Where are we on the Salvati... (Below threshold)
kim:

Where are we on the Salvation Army Santa Claus's? Are they at Walmart this year, or Target? Both? Neither? Why? Or why not? So many questions, so few kettles.
======================================

A prime example of a big ch... (Below threshold)
Darby:

A prime example of a big chain with poor customer service is the local Best Buy. I mean, talk about some seriously poor customer service!

But the Best Buy 18 miles north is fabulous when it comes to helping out.

Same company, two different towns, two completely different shopping environments.

As a former retail manager,... (Below threshold)
Steve L.:

As a former retail manager, I can tell you that the problem is not as simple as you might think. Because people put so much emphasis on price, as someone mentioned, retailers are forced to find ways to keep prices down. Unfortunately, that typically means hiring under-qualified people and paying them less or having fewer people working at any given time.

My own experience as an auto parts manager for a national chain underlies this. When I started, I ws grilled extensively on my knowledge of automobiles and auto repair. In fact, compared to the other people around me, I felt inadequate in that regard. I had enough knowledge to be successful as a manager. By the time I left, it was typical that a store had only one or two people who knew cars and parts. The company, to save money, had invested heavily in computers for looking things up. It alowed them to hire lower quality workers and save money that way. They figured that the computer would always give the right answer. Obviously, that didn't work every time.

These days, more and more comapnies are using this approach. When you call a computer company for technical support, it is rare that you actually get someone who knows anything. In most cases, they have a script to follow and must go step-by-step to find a solution to a problem. They don't actually know anything. As an IT guy, it makes my job harder because I have to waste my time going through steps that I know have nothing to do with the problem.

Consumers aren't free and clear here. Too often, I have seen people with outrageous expectations about what a comapny should do. For instance, when I started with the auto parts company, one of the little extras that we provided was that we woud do little things like install windshield wipers or batteries for free providing we had the manpower to do it. In most cases, we could shake someone loose for the few minutes it would take. However, during certain times, that was not practical. Most of the time, the customer would be reasonable, but many times he/she would become very hostile. I have been called names and told that I had lost someone's business because we couldn't install wiper blades right then and there. I have seen people get indignant because we were reluctant to go outside in a downpour and replace a battery. Not a day passed where one customer or another made some kind of outrageoius demand. It's no excuse for rude behavior, but remember that the store's employees are only human and just trying to do their jobs. Sometimes, it just gets to you.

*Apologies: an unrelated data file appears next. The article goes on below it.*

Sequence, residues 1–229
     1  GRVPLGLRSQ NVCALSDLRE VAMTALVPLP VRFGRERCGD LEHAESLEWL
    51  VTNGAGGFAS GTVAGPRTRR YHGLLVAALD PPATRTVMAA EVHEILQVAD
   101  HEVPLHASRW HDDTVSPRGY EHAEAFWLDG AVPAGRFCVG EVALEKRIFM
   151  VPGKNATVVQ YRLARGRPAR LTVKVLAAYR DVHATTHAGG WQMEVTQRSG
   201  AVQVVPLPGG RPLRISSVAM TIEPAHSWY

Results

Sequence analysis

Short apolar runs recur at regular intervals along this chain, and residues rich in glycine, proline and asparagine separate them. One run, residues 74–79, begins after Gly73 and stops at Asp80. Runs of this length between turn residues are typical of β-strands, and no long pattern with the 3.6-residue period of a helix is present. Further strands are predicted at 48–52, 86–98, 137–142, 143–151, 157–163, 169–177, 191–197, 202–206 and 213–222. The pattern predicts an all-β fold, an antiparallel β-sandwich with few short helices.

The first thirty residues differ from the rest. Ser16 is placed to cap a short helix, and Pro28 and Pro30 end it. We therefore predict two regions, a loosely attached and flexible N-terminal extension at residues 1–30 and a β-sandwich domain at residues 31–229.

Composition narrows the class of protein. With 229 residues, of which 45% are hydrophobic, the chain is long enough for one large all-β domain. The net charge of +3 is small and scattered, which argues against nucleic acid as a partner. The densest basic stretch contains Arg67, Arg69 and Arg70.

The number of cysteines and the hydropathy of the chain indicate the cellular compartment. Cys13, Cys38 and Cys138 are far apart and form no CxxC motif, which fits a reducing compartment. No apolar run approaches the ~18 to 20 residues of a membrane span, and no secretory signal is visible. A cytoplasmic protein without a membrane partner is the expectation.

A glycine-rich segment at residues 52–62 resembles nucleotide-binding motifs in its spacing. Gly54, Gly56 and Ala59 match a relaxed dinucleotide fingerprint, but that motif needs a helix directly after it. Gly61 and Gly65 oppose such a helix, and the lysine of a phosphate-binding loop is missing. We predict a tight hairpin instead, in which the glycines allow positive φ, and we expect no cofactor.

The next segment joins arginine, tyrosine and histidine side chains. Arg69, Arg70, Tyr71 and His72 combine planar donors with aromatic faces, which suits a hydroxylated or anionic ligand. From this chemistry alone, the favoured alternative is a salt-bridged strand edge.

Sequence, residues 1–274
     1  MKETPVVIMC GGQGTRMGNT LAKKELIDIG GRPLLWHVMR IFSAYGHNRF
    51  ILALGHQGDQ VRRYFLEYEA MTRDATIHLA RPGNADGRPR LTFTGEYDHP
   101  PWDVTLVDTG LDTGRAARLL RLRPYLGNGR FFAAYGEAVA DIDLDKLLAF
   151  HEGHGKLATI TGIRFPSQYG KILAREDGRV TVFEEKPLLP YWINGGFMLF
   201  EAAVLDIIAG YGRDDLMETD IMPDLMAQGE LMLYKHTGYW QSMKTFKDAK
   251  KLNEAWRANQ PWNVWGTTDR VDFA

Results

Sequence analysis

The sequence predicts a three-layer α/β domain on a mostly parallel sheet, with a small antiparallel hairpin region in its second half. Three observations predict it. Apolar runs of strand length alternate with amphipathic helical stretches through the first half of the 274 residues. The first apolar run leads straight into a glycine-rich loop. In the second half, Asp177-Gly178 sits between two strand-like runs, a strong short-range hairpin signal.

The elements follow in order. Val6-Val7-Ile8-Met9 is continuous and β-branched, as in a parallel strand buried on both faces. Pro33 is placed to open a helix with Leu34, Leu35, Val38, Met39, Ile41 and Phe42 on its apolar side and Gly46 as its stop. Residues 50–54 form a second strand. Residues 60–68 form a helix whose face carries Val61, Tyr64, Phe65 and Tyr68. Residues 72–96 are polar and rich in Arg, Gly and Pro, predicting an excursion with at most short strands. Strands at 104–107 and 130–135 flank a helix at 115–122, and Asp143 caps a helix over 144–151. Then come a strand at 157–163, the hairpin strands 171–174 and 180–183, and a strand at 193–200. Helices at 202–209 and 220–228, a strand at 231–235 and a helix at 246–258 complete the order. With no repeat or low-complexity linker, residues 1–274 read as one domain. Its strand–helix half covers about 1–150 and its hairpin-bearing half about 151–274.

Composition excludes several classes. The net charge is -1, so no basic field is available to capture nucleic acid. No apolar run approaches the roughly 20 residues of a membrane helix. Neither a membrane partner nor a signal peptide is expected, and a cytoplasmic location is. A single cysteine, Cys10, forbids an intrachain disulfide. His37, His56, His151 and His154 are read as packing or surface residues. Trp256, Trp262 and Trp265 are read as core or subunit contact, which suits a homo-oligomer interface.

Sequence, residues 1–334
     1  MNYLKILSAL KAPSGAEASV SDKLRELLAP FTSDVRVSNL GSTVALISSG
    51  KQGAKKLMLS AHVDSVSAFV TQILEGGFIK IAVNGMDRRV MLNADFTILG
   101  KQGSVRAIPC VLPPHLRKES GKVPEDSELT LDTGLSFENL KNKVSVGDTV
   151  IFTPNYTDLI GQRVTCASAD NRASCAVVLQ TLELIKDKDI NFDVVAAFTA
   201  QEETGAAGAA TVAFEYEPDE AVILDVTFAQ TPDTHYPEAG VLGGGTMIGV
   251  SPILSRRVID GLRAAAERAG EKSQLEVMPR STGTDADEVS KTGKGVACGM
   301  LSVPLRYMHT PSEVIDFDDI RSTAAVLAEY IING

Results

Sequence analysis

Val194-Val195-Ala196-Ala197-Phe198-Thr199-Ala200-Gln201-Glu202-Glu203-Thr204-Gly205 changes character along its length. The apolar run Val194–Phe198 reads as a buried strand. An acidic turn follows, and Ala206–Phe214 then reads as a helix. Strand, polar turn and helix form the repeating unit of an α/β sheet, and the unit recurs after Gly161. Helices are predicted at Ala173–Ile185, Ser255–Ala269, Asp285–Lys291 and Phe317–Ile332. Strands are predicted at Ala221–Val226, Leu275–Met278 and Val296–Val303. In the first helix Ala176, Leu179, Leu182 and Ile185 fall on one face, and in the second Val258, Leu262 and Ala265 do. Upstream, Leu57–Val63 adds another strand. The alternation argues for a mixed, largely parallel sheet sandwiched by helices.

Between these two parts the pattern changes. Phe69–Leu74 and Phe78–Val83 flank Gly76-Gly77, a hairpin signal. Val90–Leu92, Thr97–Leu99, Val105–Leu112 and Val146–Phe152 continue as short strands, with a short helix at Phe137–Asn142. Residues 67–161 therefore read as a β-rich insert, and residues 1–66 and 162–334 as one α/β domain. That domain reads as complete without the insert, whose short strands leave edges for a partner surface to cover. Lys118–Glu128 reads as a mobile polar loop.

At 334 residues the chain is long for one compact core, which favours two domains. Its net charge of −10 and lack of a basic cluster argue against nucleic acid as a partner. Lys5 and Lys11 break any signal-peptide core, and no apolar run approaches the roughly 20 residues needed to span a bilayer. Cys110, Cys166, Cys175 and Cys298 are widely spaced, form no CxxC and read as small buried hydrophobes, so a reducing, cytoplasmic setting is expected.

Thank you, Steve. I have c... (Below threshold)
kim:

Thank you, Steve. I have changing batteries in the rain memories, seared, seared I say, into my brain.
================================

SCSI, I often park on a roo... (Below threshold)

SCSI, I often park on a rooftop parking at a local store, and there's a real hairpin entrance to this upper lot. A guy in a suburu didn't leave much of the road once before so I had to stop suddenly and put my feet out and one of my shoes came off and I nearly fell over with my motor scooter. After this no more cheap boots. Good boots have worked perfect with no problems. And for sudden stops in traffic absorb more impact with the road. Many motor scooters have a higher center of gravity than a regular motorcycle because of the large underseat storage space and the handling characteristics are different than many motorcycles for this reason. Motorcycles don't have much a body by comparison, but larger engines and tires. My scooter is 71 inches long compared to many 46inch models like Vespa and stands inches taller than a Vespa as well.

Marc, my scooter only has the 10inch wheels that many scooters have. One street was very bad with many potholes and damaged my bike, causing my August 2, accident. With a car you don't notice so many potholes as much as with a motor scooter with far smaller tires. On 30-40mph streets the paving is always very good and just fine, it's those side streets that aren't too cool with a motor scooter. New 2008 model motor scooters are beginning to feature bigger 16inch cast wheels. My bike can go about 45, but the 68mph version features a larger engine and 12inch wheels. But the body is the same. Smaller tires are more prone to potholes.

At any rate, better shoes are better for playing basketball and running and gunning, and better boots are better for motor biking and susperior foot protection for stop and go traffic. Target, KMart, Wal-Mart are fine for everyone else to buy cheaper goods. But I wouldn't play basketball with an $2.50 Target pair of basketball shoes myself.

Kim, changing a battery or worse in the rain isn't that bad as long as you have the right tools in your car and get it done quickly like the right socket for side post terminals. Carry a good toolkit with you to be prepared for anything or emergency. I also carry a wide range of fluids and some common spare parts like light bulbs as well. I carry a little tool kit in the motor scooter as well.